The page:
I have written earlier about my attraction to this city and these types of scenes.  I am still wrestling with the simple words that explain why.

Building widths, from left to right: 2.89m, 2.37m 2.41m, 3.04m (9'6", 7'9", 7'10", 10')

I think it's interesting how colours are all from the same palette.  They're similar, but different.

Worth noting that texture and materials play a role, I think.  Paint (not sure what sort it is) on plaster gives this sensational finish.

All good, but perhaps unrealstic to replicate in my city?  Mainteance costs (plaster!) can be a killer.

Above: Nguyen Sieu, Hanoi, Vietnam.

Below: To the far left of the picture you can see a side-by-side comparison of the new vs the old.

Kids in the economy - makes your heart swell

To have a child transport itself independently around your city is a real boon.

Would this kid travel if his parents didn't think it was safe?  No.

Success, then.

Elizabeth's Bookshop, 6 South Terrace, Fremantle, Australia


What do you do when you've got to build a gate?

You do this.  That's what you do.

Percy Street, Prahran, Australia - this is the services store for a commercial/residential building and houses essential, boring elements such as electricity transformers, fire services and stuff like that.

Kink it up a bit, I say.

Let's Take Management Of Bicycle Lanes Seriously

Bike lanes are a great idea but more management is required to address the lack of respect shown to this part of our city by drivers.

What do you think about Rumble Strips on the dividing line between bike lane and road?

Rumble Strips are the duggada-duggada lines you hear when you veer out of lane on the highway.

Unfortunately, though, the traffic boffins have told us that rumble strips are a hazard to cyclists ...

When they're wet, or even if they're not, the bicycles can slip and slide on them.

Let's take management of bicycle lanes seriously or, perhaps, cyclists won't use them and their investment will be under-realised ...

So what's my solution?

I think very short rumble strips of a couple of metres could be trialled in areas where cars lazily cross the line.  This happens on bends and traffic lights mainly.

Alternatively or additionally, a big painted bike in the bike lane, maybe with an exclamation mark, will help the driver to understand that these areas are sacred.

Marmion Street, near corner Stock Road, in Palmyra, Australia

There's a new bike in town

Walking home yesterday, I was delighted to see that opposite my house is the new depot for a Fremantle pedicab business.

I went inside to have a chat.  They just started yesterday and are still assembling the bikes, which are imported from the USA and cost quite a bit.

The cabs will operate just like a taxi.  They pick up and drop off anywhere reasonable, I guess, and the driver will wait around at the drop-off point for their next customer - or just go roaming for them.

Surprisingly they will operate from 12.00 noon thru to 6.00am.

 

They're just fitting out their little depot/drivers lounge at 27 Queen Victoria Street.  There are some nice diagrams on their concrete floor which will be painted over which I shot for posterity.

On speaking to the owner, Rick Ferris, I promised to introduce him to key people in the Fremantle tourism industry so he can hit the ground running.  Good luck, mate.  This is a very interesting use for Queen Victoria Street.

 

 

Beautiful bikes

There's a lot of comment about cars in cities.

Some of its about rejecting cars.  Some of its about embracing cars.

It's all good.

Bicycles fit in there somewhere as well.

Upright bikes (not TOUR DE FRANCE style) are a good indicator of coolness in your city*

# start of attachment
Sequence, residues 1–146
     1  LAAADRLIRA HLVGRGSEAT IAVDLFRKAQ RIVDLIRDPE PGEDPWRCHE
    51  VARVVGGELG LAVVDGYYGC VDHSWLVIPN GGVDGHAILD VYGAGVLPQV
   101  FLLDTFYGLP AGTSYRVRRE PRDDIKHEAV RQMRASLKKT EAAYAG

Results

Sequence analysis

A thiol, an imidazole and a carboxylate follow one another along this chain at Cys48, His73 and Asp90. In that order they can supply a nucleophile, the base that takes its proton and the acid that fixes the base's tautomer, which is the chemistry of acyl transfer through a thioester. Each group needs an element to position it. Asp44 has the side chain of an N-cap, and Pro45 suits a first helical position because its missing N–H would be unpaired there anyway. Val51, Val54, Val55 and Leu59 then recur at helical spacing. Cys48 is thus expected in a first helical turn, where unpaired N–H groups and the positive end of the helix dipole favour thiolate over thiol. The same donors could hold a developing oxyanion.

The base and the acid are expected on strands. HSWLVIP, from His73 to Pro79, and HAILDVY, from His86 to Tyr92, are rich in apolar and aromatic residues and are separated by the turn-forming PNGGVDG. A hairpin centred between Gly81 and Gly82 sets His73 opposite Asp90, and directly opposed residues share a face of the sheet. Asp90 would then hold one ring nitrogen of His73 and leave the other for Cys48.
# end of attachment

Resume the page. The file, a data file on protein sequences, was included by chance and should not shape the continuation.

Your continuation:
They are also a good indicator of foot traffic in your city.

A bikable city is a walkable city.

Heading straight into town.  This capture is at 3 Quarry Street, Fremantle, Australia - just metres from the main commercial district.

I love the freaky effect which was a complete accident.

*My study

More beautiful bikes?

Shopping on Bikes #3

South Terrace, Fremantle, Australia.

I had permission from the subject and their parent for this photo.

Taken early in a square of sunshine, out the front of Gino's Cafe.  The other shops are still unopened but they will be, after a baby-choc.

An eight year old on a bicycle needs supervision around the city because the bicycle network is not safe enough.

This reduces the opportunity for the child to participate in city life.  Conversely, a city with a great pedestrian and bicycle network is giving itself more opportunities for economic development.

Because, as a broader spectrum of ages are independently mobile around the city, activity occurs between more diverse participants, plus in greater quantities.

This positively influences the rate of innovation among people in your city.

We must connect the dots ...

Cottesloe offers a brilliant shopping street and a beautiful beach.  We must connect the dots ...

This is Cottesloe Beach, but unfortunately she's a difficult bike ride from Napoleon Street - Cottesloe's prime shopping precinct.

The bike lanes are minimal or non existent, and footpaths are interrupted by driveways and side streets.  There is no contiguous cycling- or even high quality walking-networks between the two.

Car travel between the two is easiest (parking permitting) given that several large roads connect them.

But travel between them by other means, such as by foot and bicycle, must be made easier by improving infrastructure.  (They are about a kilometre apart.)

Cottesloe's economy is centred around Napoleon Street, and Cottesloe Beach is one of Western Australia's trophy beaches.

The local economy must encourage and facilitate the transfer of people between the two.

Cottesloe beach is great for young people (without driving licences) and visitors to the state without a car ...

Cottesloe has an opportunity to make connectivity with one of the state's most popular beaches and its retail heart much easier - especially for the age groups not yet old enough to drive.

If you have any intelligence or discussion on this, please include me in the conversation.

Thank you ...

Dome Coffees, 19 Napoleon Street, Cottesloe